A Chinese satellite investigated claims made by a British tech expert of spotting missing Malaysia Airlines Flight MH370 in the Cambodian jungle. According to reports over the weekend, China used a space satellite to zoom in on a spot pinpointed by Ian Wilson on Google Earth as the location of the Boeing 777-200. 

Last week, Wilson said he had found the missing jet in the dense forest of Cambodia. He also planned to travel to the area and conduct a helicopter search to back his claims. 

The Chinese government used observation company Space View to focus in on the high-altitude area in an attempt to find the plane. However, the firm said there was no sign of any plane.

“Stakeholders and bystanders plead Space View to shoot at the site. So we found out three images, shot in 2015, 2016 and 2018 from our archive. Sorry, no plane found there," Space View wrote on Twitter.

Despite Space View’s conclusion, Wilson still plans to go ahead with his helicopter trip to closely examine the coordinates.

Meanwhile, Andre Milne, CEO of Unicorn Aerospace, has challenged Space View to use its own satellite equipment to offer a second opinion. 

"I’d like to know one way or the other and put this to bed so it doesn’t drag on...Google could help with that and hope they do," Wilson told the Daily Star. "I'm in the same camp (as Milne) with regard to Google pointing a satellite at the coordinates and getting an answer, if that's possible... But I'd like to go sooner rather than later and really need to set aside and sort a plan."

Recently, several independent searchers have used Google Maps to locate Flight MH370, which went missing March 8, 2014, with 239 people on board while on its way from Kuala Lumpur to Beijing.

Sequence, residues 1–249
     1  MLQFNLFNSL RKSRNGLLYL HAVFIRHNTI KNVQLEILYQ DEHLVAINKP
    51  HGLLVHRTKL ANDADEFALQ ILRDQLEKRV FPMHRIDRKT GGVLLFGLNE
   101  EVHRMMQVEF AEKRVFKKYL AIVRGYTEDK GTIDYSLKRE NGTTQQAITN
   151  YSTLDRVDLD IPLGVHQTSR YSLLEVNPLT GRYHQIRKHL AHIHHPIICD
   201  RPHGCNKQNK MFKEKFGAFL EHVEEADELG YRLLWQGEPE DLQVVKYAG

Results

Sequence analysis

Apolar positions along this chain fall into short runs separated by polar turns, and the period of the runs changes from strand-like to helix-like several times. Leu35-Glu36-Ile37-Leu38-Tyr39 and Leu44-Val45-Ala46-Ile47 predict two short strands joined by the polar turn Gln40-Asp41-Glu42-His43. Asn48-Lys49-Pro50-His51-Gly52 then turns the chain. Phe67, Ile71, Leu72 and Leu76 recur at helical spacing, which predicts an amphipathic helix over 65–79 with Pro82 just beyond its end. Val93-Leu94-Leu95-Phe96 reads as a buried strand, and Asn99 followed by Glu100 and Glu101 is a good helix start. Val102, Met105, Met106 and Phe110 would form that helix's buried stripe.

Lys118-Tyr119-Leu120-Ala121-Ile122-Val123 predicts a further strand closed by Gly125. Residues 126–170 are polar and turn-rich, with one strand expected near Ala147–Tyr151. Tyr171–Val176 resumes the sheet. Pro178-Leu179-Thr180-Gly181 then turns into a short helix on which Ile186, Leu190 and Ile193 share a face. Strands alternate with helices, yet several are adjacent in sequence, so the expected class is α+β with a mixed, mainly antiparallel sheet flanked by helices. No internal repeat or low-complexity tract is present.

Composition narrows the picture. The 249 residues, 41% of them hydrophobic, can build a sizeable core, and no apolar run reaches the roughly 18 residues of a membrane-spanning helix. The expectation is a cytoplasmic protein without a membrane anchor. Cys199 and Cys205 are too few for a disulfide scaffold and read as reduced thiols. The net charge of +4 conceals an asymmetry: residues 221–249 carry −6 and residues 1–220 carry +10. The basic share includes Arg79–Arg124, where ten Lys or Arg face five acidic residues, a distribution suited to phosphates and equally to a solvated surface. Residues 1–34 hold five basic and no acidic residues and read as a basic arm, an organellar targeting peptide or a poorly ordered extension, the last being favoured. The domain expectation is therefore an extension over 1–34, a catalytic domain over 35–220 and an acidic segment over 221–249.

Milne recently said the tech giant had a “responsibility” to check all claims with real-time imaging technology rather than Google maps, which is updated every one to three years.

“Based on the highly suspicious claim made by Malaysian ATC to Ho Chi Minh ATC, it would be very helpful if Google would be available to take a moment and revisit the suspect location with real-time satellite technology," he said. "To rule in or rule out this site as being one of the two possible land sites we are cross-referencing as per my investigation."

Its been more than four years since Flight MH370 went missing and the mystery surrounding its disappearance still continues. Despite several efforts made by China, Malaysia and Australia to search for the plane, the missing Boeing 777-200 is yet to be found. In July, Malaysia released a full report detailing the investigation into the plane's disappearance. Investigators wrote in the report they were unable to determine what happened to the Malaysia Airlines plane.

However, the report claimed Flight MH370 deviated from its path not because of anomalies in the mechanical system or under autopilot but under manual control. It added investigators have not ruled out the possibility of a hijack.

The biggest lead in the investigation came when a plane flaperon was found by villagers on Réunion Island. Investigators said in the report 27 pieces of wreckage are believed to be from MH370, though only three have been confirmed as parts belonging to that plane.

Since the plane's disappearance in 2014, several conspiracy theories have emerged. Last month, a theory suggested Flight MH370 was most likely brought down by a stowaway on board the jet.

MH370 A woman walks past a banner bearing solidarity messages for passengers of the missing Malaysia Airlines flight MH370, during a memorial event in Kuala Lumpur ahead of the fourth anniversary of the ill-fated plane's disappearance, March 3, 2018. Photo: Manan Vatsyayana/Getty Images MH370 last ship A woman leaves a message of support and hope for the passengers of the missing Malaysia Airlines MH370 in central Kuala Lumpur, March 16, 2014. Photo: Reuters/Damir Sagolj